That simply wouldn’t do.
Obviously, cooking was two parts survival tactic, one part yet another garnish on my college applications. I’d even figured out a way to turn something that most people saw as a carefree hobby or just a chore into yet another fascinating Thing About Me that would distinguish me from the hordes of other qualified students madly rushing forward with their own collegiate agendas.
While Anna and our other friends squeezed in tanning sessions around diaper duty at the Cabana Club, I was going to be leading a cooking workshop for preteens at the local community center.
Or so I hoped; I still had to actually audition for the gig. But, I mean, come on. It was a done deal. This job was right up my alley. I’d been babysitting for neighbors’ kids for the past few years, so I had plenty of experience with kids. And, while I admit that my style in the kitchen can best be described as … whimsical, I would think whimsy would be a quality that my supervisor—and my students—would appreciate. Any
monkey can follow a recipe. But being able to improvise in the kitchen? To think on your feet?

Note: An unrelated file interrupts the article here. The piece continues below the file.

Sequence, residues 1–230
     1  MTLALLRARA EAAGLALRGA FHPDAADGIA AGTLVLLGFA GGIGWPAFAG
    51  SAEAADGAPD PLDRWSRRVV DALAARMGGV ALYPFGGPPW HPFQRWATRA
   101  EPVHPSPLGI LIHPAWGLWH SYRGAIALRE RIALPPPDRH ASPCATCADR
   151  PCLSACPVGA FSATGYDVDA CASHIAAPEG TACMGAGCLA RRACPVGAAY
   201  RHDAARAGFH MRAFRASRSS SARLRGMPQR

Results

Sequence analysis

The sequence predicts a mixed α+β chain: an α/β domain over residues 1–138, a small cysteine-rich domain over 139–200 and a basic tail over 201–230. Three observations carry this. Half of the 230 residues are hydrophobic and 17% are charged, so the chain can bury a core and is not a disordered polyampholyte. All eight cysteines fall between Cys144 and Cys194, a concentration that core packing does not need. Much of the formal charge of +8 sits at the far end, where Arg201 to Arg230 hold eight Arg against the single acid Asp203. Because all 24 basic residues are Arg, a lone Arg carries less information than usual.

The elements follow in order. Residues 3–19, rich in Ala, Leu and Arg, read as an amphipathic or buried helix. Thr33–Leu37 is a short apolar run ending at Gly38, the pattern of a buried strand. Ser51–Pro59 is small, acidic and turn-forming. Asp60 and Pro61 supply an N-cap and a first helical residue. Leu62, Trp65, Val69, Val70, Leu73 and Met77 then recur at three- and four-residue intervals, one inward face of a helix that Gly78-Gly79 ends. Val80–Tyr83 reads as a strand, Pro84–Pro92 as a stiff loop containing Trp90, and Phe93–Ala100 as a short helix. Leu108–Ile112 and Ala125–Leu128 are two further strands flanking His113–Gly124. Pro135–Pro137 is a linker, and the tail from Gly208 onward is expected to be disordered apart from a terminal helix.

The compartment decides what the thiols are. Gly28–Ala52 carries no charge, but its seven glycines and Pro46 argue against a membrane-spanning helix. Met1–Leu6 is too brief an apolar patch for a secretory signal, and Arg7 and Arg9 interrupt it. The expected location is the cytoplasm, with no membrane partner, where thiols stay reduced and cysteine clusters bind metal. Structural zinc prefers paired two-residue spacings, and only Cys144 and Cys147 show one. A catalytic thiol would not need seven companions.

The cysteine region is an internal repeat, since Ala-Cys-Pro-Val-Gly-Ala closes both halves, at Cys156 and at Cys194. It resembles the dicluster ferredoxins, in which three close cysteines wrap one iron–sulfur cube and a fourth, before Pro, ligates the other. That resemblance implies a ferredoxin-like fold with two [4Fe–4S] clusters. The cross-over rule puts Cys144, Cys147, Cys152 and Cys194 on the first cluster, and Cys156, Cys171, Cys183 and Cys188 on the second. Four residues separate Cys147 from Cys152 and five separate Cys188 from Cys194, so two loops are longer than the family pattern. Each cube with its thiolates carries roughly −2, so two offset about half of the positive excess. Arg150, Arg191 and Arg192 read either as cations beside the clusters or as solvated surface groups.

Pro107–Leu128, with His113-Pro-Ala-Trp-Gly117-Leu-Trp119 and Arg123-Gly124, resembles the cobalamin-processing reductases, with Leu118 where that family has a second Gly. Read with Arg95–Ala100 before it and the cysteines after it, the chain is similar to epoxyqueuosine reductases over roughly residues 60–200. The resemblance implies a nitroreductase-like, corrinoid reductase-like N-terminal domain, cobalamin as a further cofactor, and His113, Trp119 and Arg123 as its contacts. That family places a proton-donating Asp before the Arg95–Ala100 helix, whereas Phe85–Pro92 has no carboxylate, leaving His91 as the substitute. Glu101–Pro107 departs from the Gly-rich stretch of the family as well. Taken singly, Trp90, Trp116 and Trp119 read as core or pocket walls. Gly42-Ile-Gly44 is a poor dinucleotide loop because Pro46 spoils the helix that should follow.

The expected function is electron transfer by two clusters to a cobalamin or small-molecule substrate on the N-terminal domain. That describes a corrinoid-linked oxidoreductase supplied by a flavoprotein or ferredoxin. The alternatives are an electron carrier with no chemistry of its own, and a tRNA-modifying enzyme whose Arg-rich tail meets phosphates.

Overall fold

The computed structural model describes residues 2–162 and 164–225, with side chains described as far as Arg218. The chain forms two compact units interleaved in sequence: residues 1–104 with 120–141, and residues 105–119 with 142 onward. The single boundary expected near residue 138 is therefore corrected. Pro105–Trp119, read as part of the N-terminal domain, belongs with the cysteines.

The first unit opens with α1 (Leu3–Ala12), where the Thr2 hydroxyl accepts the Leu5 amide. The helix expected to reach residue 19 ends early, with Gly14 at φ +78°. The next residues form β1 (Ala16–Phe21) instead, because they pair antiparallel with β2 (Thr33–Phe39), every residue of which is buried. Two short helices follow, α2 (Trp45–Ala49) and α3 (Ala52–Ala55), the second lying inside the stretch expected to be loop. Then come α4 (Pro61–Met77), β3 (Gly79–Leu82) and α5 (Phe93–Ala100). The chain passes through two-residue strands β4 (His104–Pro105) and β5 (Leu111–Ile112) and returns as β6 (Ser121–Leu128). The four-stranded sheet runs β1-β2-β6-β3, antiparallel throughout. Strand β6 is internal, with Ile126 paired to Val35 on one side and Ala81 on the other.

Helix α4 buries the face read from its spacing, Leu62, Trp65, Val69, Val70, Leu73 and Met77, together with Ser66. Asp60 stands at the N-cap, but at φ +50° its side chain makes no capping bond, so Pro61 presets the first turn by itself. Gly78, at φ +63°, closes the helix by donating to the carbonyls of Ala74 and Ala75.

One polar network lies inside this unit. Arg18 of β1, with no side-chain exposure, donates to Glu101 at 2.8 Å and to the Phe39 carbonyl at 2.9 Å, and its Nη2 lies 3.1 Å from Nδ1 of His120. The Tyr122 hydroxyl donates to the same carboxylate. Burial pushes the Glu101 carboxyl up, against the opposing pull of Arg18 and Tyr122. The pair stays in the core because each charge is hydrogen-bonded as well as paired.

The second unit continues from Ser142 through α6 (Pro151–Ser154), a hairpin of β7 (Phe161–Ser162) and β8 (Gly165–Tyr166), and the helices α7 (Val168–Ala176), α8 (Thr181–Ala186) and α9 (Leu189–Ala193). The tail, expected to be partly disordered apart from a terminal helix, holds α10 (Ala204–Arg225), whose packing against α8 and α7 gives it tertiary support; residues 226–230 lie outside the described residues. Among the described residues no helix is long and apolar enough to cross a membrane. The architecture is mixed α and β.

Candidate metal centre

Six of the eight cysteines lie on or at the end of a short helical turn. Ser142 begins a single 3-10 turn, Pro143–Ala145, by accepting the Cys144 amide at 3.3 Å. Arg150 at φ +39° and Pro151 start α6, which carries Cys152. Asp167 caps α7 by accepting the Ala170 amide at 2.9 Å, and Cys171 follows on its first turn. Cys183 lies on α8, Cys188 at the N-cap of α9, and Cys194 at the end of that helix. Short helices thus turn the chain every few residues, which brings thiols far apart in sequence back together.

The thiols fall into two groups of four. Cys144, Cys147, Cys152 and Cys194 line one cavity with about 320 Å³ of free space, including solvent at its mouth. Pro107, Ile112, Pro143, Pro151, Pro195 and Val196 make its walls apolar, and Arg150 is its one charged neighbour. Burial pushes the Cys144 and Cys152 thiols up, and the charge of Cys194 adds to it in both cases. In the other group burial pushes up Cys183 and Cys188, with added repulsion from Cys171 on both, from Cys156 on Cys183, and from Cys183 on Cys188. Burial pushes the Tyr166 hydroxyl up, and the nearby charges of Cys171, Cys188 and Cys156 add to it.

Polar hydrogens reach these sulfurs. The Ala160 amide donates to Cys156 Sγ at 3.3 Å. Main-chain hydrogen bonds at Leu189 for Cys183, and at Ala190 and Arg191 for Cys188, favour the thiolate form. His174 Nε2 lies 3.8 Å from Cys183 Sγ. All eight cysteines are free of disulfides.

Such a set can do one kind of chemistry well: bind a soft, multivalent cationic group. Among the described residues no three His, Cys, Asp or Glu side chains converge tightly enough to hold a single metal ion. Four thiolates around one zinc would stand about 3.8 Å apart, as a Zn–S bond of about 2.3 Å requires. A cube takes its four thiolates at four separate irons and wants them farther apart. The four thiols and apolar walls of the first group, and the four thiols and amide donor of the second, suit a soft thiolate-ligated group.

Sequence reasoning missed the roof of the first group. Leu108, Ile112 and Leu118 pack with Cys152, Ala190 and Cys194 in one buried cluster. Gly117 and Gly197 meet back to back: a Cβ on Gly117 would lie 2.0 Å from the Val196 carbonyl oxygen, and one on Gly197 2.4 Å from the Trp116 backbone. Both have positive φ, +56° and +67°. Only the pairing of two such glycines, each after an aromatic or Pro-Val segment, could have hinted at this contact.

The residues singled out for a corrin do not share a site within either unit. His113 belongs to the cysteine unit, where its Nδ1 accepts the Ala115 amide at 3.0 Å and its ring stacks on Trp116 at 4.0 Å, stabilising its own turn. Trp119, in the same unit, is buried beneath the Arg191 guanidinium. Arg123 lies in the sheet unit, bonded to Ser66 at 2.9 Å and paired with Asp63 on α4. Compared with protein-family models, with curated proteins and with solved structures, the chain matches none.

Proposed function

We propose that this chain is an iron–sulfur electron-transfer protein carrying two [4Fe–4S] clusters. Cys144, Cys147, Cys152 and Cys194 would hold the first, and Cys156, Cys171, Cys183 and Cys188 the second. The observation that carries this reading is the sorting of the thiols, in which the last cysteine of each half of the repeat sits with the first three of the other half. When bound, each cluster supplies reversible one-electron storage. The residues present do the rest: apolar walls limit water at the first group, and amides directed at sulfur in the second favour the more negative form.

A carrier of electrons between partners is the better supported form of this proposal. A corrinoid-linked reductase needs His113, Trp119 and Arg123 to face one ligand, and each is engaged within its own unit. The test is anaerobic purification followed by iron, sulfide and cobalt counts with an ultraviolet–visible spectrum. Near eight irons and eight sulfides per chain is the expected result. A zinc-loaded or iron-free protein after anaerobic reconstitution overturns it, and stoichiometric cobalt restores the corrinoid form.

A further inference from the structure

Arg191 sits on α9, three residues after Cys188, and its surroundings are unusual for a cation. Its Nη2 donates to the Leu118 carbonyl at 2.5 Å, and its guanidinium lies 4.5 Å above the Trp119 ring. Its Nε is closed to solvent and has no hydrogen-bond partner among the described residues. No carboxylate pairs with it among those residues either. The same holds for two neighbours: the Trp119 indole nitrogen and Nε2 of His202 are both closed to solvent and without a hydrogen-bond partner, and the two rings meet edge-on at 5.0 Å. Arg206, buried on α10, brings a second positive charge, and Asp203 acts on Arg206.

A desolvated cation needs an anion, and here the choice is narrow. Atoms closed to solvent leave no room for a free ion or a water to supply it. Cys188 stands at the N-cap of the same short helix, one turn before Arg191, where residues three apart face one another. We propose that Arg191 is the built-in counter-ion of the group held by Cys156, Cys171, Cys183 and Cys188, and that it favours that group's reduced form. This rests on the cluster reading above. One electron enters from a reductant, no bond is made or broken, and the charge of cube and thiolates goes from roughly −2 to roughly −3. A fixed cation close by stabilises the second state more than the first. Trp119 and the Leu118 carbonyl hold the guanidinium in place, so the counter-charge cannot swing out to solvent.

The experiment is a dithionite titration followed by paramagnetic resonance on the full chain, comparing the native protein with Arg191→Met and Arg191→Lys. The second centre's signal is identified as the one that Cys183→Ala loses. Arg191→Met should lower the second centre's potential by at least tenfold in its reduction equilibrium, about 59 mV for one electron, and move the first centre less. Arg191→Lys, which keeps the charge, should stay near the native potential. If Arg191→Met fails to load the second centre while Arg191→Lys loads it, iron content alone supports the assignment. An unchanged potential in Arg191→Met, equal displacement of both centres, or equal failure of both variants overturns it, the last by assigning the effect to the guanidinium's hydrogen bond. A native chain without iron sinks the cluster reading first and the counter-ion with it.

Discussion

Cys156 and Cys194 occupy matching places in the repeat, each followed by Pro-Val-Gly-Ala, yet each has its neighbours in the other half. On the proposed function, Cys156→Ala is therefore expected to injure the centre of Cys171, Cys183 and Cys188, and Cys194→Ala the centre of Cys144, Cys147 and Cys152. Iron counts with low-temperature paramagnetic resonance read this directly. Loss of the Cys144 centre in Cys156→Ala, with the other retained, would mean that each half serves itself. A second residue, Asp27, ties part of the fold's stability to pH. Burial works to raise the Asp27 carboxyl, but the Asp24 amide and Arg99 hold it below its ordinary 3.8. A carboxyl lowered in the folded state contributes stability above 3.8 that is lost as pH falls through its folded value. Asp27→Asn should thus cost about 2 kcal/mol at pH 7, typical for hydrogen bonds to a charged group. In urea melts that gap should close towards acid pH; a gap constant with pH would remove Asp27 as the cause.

takes some serious skill.
Bravery, too. A heaping spoonful of bravery. And maybe a dash of foolhardiness as well. Then blended together slowly, left to simmer over a low flame, and eventually served at room temperature.
The good thing about Anna being at the pool all day was that, as much as I missed our gossip sessions, she wasn’t around to distract me. I needed to focus and practice in the kitchen if I was going to wow the people at the rec center enough to get the job. Mom’s name carried a certain amount of weight, but it wasn’t, like, a given that the position was mine. To be honest, I was really into my practice sessions, and I quickly fell into a comfortable routine of disregarding trivialities like brushing my hair or even changing into actual clothing as I floated through the kitchen well into the early summer evenings.
“Tell me you just changed into your pajamas, and haven’t been wearing them all day,” my mother said one night when
she was unexpectedly blessed to be home by ten.